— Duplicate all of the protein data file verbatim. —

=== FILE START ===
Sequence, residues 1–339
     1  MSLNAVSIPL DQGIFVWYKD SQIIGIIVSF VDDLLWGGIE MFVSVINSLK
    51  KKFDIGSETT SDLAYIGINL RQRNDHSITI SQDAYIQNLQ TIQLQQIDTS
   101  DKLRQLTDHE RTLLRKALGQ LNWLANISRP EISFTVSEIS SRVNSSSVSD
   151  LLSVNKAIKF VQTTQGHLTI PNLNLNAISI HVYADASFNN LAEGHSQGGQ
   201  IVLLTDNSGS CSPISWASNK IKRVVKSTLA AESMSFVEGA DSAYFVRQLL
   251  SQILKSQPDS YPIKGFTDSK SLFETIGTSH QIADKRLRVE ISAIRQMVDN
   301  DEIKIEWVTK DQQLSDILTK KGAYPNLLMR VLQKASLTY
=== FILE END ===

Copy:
Sequence, residues 1–339
     1  MSLNAVSIPL DQGIFVWYKD SQIIGIIVSF VDDLLWGGIE MFVSVINSLK
    51  KKFDIGSETT SDLAYIGINL RQRNDHSITI SQDAYIQNLQ TIQLQQIDTS
   101  DKLRQLTDHE RTLLRKALGQ LNWLANISRP EISFTVSEIS SRVNSSSVSD
   151  LLSVNKAIKF VQTTQGHLTI PNLNLNAISI HVYADASFNN LAEGHSQGGQ
   201  IVLLTDNSGS CSPISWASNK IKRVVKSTLA AESMSFVEGA DSAYFVRQLL
   251  SQILKSQPDS YPIKGFTDSK SLFETIGTSH QIADKRLRVE ISAIRQMVDN
   301  DEIKIEWVTK DQQLSDILTK KGAYPNLLMR VLQKASLTY